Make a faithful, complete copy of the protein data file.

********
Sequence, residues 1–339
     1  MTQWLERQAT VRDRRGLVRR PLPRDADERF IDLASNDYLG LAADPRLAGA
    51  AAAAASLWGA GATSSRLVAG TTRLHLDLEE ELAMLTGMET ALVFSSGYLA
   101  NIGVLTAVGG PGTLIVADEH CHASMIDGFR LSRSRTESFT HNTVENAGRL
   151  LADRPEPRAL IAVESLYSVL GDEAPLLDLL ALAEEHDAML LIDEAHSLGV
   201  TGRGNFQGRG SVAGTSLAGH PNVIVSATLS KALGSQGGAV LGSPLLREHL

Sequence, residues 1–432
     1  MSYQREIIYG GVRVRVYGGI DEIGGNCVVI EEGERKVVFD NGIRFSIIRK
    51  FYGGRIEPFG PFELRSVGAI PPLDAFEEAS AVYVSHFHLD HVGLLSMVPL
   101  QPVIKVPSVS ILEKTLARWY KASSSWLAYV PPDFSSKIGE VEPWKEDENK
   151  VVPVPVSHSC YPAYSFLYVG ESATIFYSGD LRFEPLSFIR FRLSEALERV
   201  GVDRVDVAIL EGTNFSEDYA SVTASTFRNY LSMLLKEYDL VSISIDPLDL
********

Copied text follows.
Sequence, residues 1–339
     1  MTQWLERQAT VRDRRGLVRR PLPRDADERF IDLASNDYLG LAADPRLAGA
    51  AAAAASLWGA GATSSRLVAG TTRLHLDLEE ELAMLTGMET ALVFSSGYLA
   101  NIGVLTAVGG PGTLIVADEH CHASMIDGFR LSRSRTESFT HNTVENAGRL
   151  LADRPEPRAL IAVESLYSVL GDEAPLLDLL ALAEEHDAML LIDEAHSLGV
   201  TGRGNFQGRG SVAGTSLAGH PNVIVSATLS KALGSQGGAV LGSPLLREHL

Sequence, residues 1–432
     1  MSYQREIIYG GVRVRVYGGI DEIGGNCVVI EEGERKVVFD NGIRFSIIRK
    51  FYGGRIEPFG PFELRSVGAI PPLDAFEEAS AVYVSHFHLD HVGLLSMVPL
   101  QPVIKVPSVS ILEKTLARWY KASSSWLAYV PPDFSSKIGE VEPWKEDENK
   151  VVPVPVSHSC YPAYSFLYVG ESATIFYSGD LRFEPLSFIR FRLSEALERV
   201  GVDRVDVAIL EGTNFSEDYA SVTASTFRNY LSMLLKEYDL VSISIDPLDL